House Speaker John Boehner on Wednesday endorsed one of his chairmen stripping another member of his subcommittee chairmanship for voting against a procedural motion, the latest and most high-profile jab in the battle between GOP leaders and far-right conservatives.
Boehner told a private meeting of House Republicans that Oversight and Government Reform Chairman Jason Chaffetz made the right decision when he demoted Rep. Mark Meadows last week after Meadows joined 33 other Republicans in voting against a rule governing debate on trade legislation the week before.
"We have the majority, and when it comes to procedural votes in the House, the majority has to stick together and vote for or against, whatever the case may be, those procedural motions," Boehner told reporters after the meeting, paraphrasing his remarks behind closed doors. "The chairman made the right decision, and I told my members I supported that decision."
Other members in the meeting spoke up to defend Boehner and Chaffetz's position, including Education Committee Chairman John Kline and Rep. Adam Kinzinger, who both said that members who vote against rules are not being team players. But the speaker did not go unchallenged, according to sources in the room.
Rep. Jim Jordan, leader of the House Freedom Caucus, which was responsible for organizing the rebellion against the trade rule, spoke up to defend the 34 Republicans who voted against the rule. He said the rule was a vote of conscience because it inserted rules for debate for the trade measure into a rule governing debate on a separate issue, and therefore should not have been treated like every other rule. Rep. Morgan Griffith, another member who voted against the rule, made similar remarks.
Boehner shot back at Jordan, however, noting that the substance of the bill had already been debated and that Jordan and other members had supported similar rules in this Congress and the previous one with no outcry.
It is unclear what further retribution, if any, will be doled out. Already, three members have been kicked off the House GOP whip team for the vote. Leadership-aligned members also tried unsuccessfully last week to persuade their colleagues to boycott a hearing of the Financial Services Subcommittee helmed by Rep. Scott Garrett, a member who voted against the rule and whom they view as an underachieving fundraiser, according to several sources.
In the latest move, Reps. Elise Stefanik and Mimi Walters on Tuesday evening called an "important freshman class members only meeting" for Thursday morning, according to an email announcement. A spokeswoman for freshman-class president Ken Buck said she believes the purpose is to strip Buck of his ceremonial title for his vote against the rule.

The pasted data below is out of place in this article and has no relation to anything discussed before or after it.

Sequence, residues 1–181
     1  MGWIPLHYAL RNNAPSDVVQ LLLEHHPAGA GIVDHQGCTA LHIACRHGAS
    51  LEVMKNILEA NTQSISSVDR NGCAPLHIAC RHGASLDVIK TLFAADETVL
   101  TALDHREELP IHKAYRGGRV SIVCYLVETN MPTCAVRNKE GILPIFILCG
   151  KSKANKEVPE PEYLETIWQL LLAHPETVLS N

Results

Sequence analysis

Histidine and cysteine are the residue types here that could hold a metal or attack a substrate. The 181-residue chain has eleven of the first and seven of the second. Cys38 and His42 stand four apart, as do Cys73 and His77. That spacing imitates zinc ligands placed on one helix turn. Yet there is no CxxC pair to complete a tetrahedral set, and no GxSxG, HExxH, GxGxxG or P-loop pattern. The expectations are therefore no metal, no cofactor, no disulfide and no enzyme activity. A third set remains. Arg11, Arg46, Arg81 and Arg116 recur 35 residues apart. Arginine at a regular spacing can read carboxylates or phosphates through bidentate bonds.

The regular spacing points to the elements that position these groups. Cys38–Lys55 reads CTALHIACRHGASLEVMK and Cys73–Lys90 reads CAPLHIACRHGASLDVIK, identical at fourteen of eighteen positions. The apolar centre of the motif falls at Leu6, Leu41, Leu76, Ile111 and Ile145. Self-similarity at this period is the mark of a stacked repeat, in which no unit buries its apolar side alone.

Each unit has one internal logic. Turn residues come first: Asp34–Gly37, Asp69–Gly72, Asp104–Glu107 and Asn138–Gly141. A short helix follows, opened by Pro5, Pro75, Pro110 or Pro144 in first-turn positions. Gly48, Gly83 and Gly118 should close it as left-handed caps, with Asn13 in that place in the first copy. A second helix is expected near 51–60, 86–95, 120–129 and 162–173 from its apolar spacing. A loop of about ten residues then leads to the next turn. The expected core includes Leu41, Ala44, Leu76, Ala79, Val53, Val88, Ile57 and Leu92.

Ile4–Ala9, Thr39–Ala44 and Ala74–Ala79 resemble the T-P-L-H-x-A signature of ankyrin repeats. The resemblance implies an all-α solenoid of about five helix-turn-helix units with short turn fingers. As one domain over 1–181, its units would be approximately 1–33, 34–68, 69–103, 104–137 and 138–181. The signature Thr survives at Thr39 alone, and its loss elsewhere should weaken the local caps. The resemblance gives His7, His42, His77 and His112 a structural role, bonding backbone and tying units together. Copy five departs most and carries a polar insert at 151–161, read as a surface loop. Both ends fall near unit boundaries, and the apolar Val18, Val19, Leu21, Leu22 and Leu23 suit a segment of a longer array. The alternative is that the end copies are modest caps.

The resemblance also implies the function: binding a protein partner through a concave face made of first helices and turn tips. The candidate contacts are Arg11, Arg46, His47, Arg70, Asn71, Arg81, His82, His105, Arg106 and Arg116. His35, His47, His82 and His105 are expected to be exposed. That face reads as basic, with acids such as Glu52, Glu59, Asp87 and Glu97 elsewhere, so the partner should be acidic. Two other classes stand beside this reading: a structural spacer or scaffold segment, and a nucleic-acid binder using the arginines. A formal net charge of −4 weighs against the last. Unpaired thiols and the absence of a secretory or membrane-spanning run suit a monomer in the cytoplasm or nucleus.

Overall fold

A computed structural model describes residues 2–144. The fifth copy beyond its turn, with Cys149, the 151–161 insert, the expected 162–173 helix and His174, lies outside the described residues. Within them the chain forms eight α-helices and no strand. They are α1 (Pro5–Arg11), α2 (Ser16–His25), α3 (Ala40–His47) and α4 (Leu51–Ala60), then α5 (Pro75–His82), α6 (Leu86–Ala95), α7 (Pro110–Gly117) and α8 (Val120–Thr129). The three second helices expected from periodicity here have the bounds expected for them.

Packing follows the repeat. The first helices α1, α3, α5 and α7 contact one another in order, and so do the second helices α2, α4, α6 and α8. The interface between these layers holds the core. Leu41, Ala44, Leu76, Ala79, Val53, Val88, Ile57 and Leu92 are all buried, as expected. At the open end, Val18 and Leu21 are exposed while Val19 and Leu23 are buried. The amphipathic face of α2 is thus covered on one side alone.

In a statement issued by her office, Walters said: "A majority of the freshman class has expressed concerns I share regarding the leadership of our class President. In addition to regular business, tomorrow, we will also be discussing the direction of future leadership."
In an interview, Buck said he was approached Tuesday night and was asked to resign from his post, but declined. He said he believes the retribution is coming from leadership, a point he said was evidenced by the fact that it was being spearheaded by Walters, who is the freshman delegate to the leadership table.
"I'm not fighting. I'm not campaigning at all," Buck said. "I think that given the circumstances of a number of members being kicked off the whip team and another member being removed from a subcommittee [chair] position, it's clear leadership has decided there's going to be retaliation, and this is consistent with that."
The Freedom Caucus met Tuesday evening, and members of the group believe it is not out of the question that more subcommittee gavels could be claimed. Yet there is no concerted effort to take down other rules, according to a source familiar with the group's strategy.
"That's a myth. We are not in the business of being destructive. If it's a good rule, we're going to vote for it. If it's a bad rule, we're going to vote against it. I don't see anything changing," the source said.
Instead, the group is planning to write an editorial article outlining its position, and several members associated with the group are rethinking paying their dues to the National Republican Congressional Committee. The dues have become a point of contention between leaders and Freedom Caucus members. Leadership is frustrated that some conservatives do not pay their annual dues to the NRCC, but conservatives are equally frustrated that the NRCC does not help them in return, and that a political action committee associated with Boehner ran ads against Jordan and other members during a recent contentious debate over funding the Department of Homeland Security.
The House has several important issues on its plate this summer, including reauthorizing the Export-Import Bank and highway funding, advancing a 12-nation Pacific Rim trade pact, and moving several spending bills. It remains to be seen how this back-and-forth will affect the chamber's ability to legislate. But to be sure, it is casting a shadow over every issue coming before House Republicans, with no sign of letting up.
As Boehner told reporters Wednesday: "I'm sure the family conversation will continue."
This article has been updated.
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Daniel Newhauser is a staff correspondent for National Journal, where he primarily covers the House of Representatives. He was formerly a House leadership reporter for Roll Call, where he started as an intern in 2010 and quickly earned a slot as a beat reporter.
A native of San Antonio, Texas, Newhauser traveled further West to study journalism at Arizona State University's Walter Cronkite School of Journalism and Mass Communication and write for newspapers including the East Valley Tribune and the Green Valley News & Sun.